Language and Religion: The Case of Arabic

Last Friday, April 21, I went to a talk by Dr. Muhammad S. Eissa on the connection between language and religion by using the case of Arabic. I found the talk fascinating even though I may have been one of the two members of the audience not studying Arabic.

Language and religion, Eissa said, are inextricably intertwined. To help his audience, much of which comes from a Christian frame of reference, he used the example of the connection between Latin and Catholic masses. When many English speakers hear Latin, they often think of church services because they only hear Latin in church services. As a result, the Latin language seems, to many, to have a spiritual quality. This phenomenon, Eissa said, is the same with Arabic. Muslims around the world, especially those from non-Arabic-speaking countries who only hear the language spoken from mosques, associate the Arabic language with the divine.

What do many Americans think of when they hear spoken Arabic? They often automatically associate Arabic with Islam, even though Arabic is not only the language of Islam but also a language of commerce, education, and everyday life. Many Americans’ only exposure to Arabic is through the media, so they assume speakers of Arabic are Muslim, even though Arabic is a language of commerce, education, and everyday life – not just a religious language. According to an anecdote Eissa told, the association of Arabic with Islam is a global phenomenon. He told a story about an American man who went to a conference in China. Many assumed, based upon his physical appearance, that he was American – but when he began speaking in fluent Arabic, everyone’s perception of him immediately changed. They assumed he was Muslim, and they asked him to recite prayers!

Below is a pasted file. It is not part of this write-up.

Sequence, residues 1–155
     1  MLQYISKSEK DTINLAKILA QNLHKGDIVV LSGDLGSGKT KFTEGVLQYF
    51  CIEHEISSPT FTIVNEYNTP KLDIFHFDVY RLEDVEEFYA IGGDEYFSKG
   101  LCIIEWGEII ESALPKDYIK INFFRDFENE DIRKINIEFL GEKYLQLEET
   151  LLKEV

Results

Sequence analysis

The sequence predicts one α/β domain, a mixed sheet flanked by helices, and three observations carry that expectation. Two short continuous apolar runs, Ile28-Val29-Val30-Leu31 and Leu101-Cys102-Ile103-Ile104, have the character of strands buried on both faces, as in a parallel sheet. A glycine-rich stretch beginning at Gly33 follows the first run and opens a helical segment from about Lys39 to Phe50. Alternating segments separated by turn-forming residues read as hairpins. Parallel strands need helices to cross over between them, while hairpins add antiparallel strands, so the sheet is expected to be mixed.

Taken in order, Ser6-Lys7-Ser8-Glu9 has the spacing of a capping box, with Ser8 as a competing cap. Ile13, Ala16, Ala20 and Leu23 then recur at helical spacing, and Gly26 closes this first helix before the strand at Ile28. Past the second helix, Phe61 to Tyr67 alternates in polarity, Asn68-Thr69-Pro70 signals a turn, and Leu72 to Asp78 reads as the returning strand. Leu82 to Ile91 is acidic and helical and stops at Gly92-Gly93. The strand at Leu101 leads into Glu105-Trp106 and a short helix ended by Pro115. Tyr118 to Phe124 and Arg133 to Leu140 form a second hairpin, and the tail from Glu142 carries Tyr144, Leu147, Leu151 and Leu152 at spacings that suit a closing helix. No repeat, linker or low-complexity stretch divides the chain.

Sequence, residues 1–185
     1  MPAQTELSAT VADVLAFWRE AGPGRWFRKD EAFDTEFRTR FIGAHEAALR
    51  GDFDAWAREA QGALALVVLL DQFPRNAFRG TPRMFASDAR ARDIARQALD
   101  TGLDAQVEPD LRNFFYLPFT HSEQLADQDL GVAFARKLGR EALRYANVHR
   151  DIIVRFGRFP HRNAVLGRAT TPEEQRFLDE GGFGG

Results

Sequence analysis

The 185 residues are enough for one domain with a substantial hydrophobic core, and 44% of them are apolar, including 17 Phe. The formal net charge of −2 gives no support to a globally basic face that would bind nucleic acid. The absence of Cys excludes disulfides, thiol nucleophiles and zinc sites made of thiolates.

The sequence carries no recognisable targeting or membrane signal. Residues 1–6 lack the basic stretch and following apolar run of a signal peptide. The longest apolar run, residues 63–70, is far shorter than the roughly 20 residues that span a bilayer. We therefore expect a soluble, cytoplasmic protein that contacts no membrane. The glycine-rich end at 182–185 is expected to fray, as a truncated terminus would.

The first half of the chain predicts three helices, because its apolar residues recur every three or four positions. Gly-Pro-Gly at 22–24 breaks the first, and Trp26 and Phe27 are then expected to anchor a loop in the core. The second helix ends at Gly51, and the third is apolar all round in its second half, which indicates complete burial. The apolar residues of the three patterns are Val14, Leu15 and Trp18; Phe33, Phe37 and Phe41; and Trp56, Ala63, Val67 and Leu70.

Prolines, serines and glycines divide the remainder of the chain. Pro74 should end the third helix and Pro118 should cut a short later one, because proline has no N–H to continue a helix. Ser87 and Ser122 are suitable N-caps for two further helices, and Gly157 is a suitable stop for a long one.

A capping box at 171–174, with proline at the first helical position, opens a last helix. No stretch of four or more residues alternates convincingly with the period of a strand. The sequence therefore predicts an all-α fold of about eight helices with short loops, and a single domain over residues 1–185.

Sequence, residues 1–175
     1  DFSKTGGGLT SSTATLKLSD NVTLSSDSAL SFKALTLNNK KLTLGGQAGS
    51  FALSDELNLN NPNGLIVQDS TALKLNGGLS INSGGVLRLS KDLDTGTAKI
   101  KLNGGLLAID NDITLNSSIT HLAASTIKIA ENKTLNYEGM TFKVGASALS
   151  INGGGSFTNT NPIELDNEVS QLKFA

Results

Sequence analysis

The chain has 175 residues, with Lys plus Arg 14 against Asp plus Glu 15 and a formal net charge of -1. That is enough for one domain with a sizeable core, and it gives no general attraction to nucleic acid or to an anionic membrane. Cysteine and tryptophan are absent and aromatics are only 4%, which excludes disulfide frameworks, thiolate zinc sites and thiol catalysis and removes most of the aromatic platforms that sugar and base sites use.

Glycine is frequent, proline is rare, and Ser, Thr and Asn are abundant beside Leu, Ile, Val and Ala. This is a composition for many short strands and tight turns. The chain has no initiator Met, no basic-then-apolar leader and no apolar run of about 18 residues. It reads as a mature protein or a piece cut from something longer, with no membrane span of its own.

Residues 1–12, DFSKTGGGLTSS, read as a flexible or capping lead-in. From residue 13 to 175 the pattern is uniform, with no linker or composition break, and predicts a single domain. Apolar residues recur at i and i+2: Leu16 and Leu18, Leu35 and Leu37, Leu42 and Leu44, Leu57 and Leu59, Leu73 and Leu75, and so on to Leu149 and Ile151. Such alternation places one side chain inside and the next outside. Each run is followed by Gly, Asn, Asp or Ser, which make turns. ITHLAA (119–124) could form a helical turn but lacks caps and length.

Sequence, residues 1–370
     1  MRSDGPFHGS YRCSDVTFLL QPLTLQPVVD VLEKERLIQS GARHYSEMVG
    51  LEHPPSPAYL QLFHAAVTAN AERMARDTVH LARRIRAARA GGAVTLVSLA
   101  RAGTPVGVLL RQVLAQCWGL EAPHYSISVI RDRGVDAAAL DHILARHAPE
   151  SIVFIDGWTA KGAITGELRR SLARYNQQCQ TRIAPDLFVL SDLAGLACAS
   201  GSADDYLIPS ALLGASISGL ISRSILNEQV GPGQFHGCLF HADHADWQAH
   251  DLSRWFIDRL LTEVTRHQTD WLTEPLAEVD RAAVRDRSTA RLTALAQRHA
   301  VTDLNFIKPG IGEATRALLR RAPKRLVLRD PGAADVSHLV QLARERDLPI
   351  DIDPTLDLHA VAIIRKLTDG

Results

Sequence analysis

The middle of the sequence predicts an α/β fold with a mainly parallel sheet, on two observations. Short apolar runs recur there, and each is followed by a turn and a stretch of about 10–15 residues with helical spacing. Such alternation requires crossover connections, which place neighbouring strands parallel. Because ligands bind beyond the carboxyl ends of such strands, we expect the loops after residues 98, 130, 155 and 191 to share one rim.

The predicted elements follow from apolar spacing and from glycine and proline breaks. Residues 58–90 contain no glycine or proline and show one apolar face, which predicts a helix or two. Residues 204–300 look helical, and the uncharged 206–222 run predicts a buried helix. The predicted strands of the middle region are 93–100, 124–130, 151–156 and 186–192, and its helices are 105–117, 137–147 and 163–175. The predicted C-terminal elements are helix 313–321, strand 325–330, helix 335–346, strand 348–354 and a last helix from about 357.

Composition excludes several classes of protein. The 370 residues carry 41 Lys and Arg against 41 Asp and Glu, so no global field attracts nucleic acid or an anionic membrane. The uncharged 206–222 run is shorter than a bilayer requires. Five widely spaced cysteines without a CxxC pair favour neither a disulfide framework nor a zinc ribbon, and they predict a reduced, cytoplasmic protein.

I learned that many young men in Arabic-speaking countries memorize large portions of the Qur’an, or even the entire Qur’an, from a young age. Eissa noted the cognitive benefits that come from memorizing large portions of text – it really does rewire and improve your brain. However, he drew a distinction between merely memorizing large portions of scripture and understanding it. There is a disconnect between being able to recite the Qur’an and knowing its meaning, and this difference is exacerbated when Arabic is not one’s original language.

Another aspect of the talk I found interesting was Eissa’s argument about the Qur’an’s essence, which he says lies in spoken words. Eissa believes that many Muslims place too much importance on the physical Qur’an, rather than the spoken words of the Qur’an, because the physical, printed text itself is not the Qur’an. The Quran, he says, was first spoken by the Prophet Muhammad and transmitted to his followers. It was not written down, printed, and distributed until later. The physical book itself is only a means of accessing the true Qur’an, which is spoken.

Eissa asked us to consider the link between language and religion in our own religious life. I realized that I do not closely associate my Christian faith with the English language. I believe that the Bible is God’s word whether in Hebrew, Greek, or English, and for this reason, all people can understand God’s word in their vernacular. Eissa, however, explained that if the Qur’an is translated into a different language, it loses its essence. I think he makes an excellent point. Language is powerful and precise, and a text cannot carry the exact meaning of its original when it is translated into a different language. Dr. Eissa’s talk gave me important things to consider and helped me understand the importance of studying religious texts in their original languages to extract their original meanings.

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